A Life of Small Miracles

fire-1567803-639x852I am in search of a miracle. I always have been. Perhaps you are too? Even in some quiet way, like an awareness of a long-forgotten wish, hanging off you in wisps during those quiet moments.

What is the miracle I seek? There are many. But the first is that you will join me on this journey of words and at the end you will find your own miracles.

Do we know what a miracle actually is? It is an event that is outside our understanding, beyond our knowledge of natural laws. Perhaps by today’s standard that would render it “unreal”, since it cannot be “proved” and we have the arrogance to assume that we know all there is to know about our world.

We have dissected and analysed the workings of the brain, yet the part of us that is aware of our thoughts escapes our understanding. Yet we know it to be real. Perhaps it is a miracle too? Or perhaps it is simply part of the mystery of life? Maybe there is more going on than we realise? Maybe there are things in heaven and earth that we are not supposed to understand?

We can marvel at the infinite size of the universe, while forgetting that our bodies are constructed from little solar systems called atoms. We can live our lives by the clock, ignoring the fact that time is as malleable as cookie dough.

Until we realise that the universe is both infinitely large and infinitely small, we will never understand the miracle of all there is. Is it possible that the choices we make in our small lives ripple throughout time and space, affecting things beyond our perception? Or conversely, maybe our planet is a living cell within a much larger organism, and we are but a virus attacking that cell? Perhaps both theories are true? Perhaps neither?

We live these lives, so confident in our ability to control things – our environment, our body, our mind and other people. We deny the mysteries and magic in our world, then wonder why our lives are so dull and dry. Why each new purchase, lover or job does not satisfy the craving in our souls that we cannot understand or suppress. Why having more, bigger and better does not help, even though we are taught that it will. Could it be that it is the small details, rather than big moments and achievements, that create the beauty and satisfaction in our lives?

We enviously watch children at play, drawing down on untainted imaginations, free of the falsehood that life is not filled with wonder and magic. If an adult should behave this way, we label them as “unrealistic”, “detached from reality” or “a dreamer”. Then we return to our dreary beige-coloured lives.

The miracles I seek in this life are not rapturous heavenly events – like a big magic show – but things that happen every day. Things that we miss. Like the myriad of cobwebs on the lawn that are only apparent when draped in morning dew.

The reality is that life is hard, painful and confusing. On top of this, I am sick, and there is no cure. I must live this diminished life until my last days. While this existence is difficult, it is little shards of precious magic that fill it with joy. And it is this same illness that taught me to clutch at every possible delight, like a drowning man gasps for air.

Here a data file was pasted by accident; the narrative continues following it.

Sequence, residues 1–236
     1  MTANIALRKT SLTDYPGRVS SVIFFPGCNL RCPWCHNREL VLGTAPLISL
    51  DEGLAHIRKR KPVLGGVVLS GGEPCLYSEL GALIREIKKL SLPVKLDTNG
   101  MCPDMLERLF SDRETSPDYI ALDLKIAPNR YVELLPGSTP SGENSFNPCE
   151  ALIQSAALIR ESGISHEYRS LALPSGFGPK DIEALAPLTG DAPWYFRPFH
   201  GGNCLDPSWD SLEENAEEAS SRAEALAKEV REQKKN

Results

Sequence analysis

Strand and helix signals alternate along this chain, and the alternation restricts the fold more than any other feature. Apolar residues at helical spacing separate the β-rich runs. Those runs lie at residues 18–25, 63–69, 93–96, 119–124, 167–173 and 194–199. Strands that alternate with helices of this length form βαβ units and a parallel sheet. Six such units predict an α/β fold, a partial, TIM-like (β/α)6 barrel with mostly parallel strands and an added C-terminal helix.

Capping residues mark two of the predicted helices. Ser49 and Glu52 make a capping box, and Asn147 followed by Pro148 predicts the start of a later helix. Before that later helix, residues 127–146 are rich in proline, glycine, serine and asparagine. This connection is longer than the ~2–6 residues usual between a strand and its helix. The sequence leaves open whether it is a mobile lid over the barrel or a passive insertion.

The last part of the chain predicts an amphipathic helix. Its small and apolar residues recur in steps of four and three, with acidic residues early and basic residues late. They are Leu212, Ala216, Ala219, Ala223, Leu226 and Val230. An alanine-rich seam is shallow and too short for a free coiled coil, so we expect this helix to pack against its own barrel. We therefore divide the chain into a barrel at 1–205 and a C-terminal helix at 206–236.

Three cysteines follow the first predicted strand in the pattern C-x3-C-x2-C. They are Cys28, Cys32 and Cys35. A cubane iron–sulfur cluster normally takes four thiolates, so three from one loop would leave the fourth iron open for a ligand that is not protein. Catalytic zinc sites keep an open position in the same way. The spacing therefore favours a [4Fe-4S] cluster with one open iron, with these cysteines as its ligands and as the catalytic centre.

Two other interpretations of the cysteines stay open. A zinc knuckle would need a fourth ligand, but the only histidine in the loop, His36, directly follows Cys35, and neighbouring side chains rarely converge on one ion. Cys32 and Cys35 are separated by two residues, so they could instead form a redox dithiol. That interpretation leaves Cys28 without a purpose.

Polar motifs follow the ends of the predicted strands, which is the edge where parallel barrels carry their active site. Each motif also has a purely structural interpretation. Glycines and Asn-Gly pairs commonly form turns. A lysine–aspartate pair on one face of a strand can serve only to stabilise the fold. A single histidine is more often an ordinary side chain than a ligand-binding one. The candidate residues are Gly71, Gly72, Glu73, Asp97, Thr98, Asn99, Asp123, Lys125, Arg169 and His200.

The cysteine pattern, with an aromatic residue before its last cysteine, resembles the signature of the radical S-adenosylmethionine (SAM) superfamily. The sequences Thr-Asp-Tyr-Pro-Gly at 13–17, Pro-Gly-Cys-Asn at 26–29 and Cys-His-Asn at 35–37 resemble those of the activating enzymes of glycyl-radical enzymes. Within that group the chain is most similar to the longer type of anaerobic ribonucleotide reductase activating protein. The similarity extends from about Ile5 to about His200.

Have you been there? To the depths of your soul? Stripped of everything, grasping desperately at tenuous hope, wondering if today will be your last? When there is nothing left, the soul becomes so light that something as delicate as a butterfly can transport it to the stars. At that moment, the butterfly is the miracle.

When you have faced the ultimate loss and then returned to the light, even the smallest and most mundane thing can shine like a diamond. The chatter of birds at dawn. The smell of toast. Kind words from a friend. A warm winter fire made with love. A hand-painted teapot in your favourite colour. The softness of a cat’s paw. The smell of an old-fashioned rose. The pitter-patter of rain on the roof.

Do not imagine that the miracle I seek is a cure. I expect to work hard to keep myself well. The miracle I chase is to have the insight and awareness to fill my life with things that make my heart sing, and thereby make my life worthwhile and abundant, despite its apparent limitations.

Every day I go into the garden and look for fairies – I have an ancient faith that they are there, if only I could catch a glimpse. Every day I give thanks that my husband is still beside me, for one day he may not be. Every day I watch the sparrows in my garden, naming them and feeding them – I love that they come to visit me. Every day I tell my cat that she is the most beautiful thing I have ever seen, because she is. Every day I ponder the plants growing wild in my garden, the blueness of the sky, the joy of music, and the kindness of strangers.

We can wish for miracles or we can look for those that are already there. We can realise that miracles are not big illusive events, but part of a quiet path to take in life – a way of being. That is all I seek. For in those small moments when I experience a miracle, I am no longer sick – I am a child of God. And so are you.

Wendy Megget is the author of The Little Bullying Book.
Photo thanks to Matej Cerin.

 

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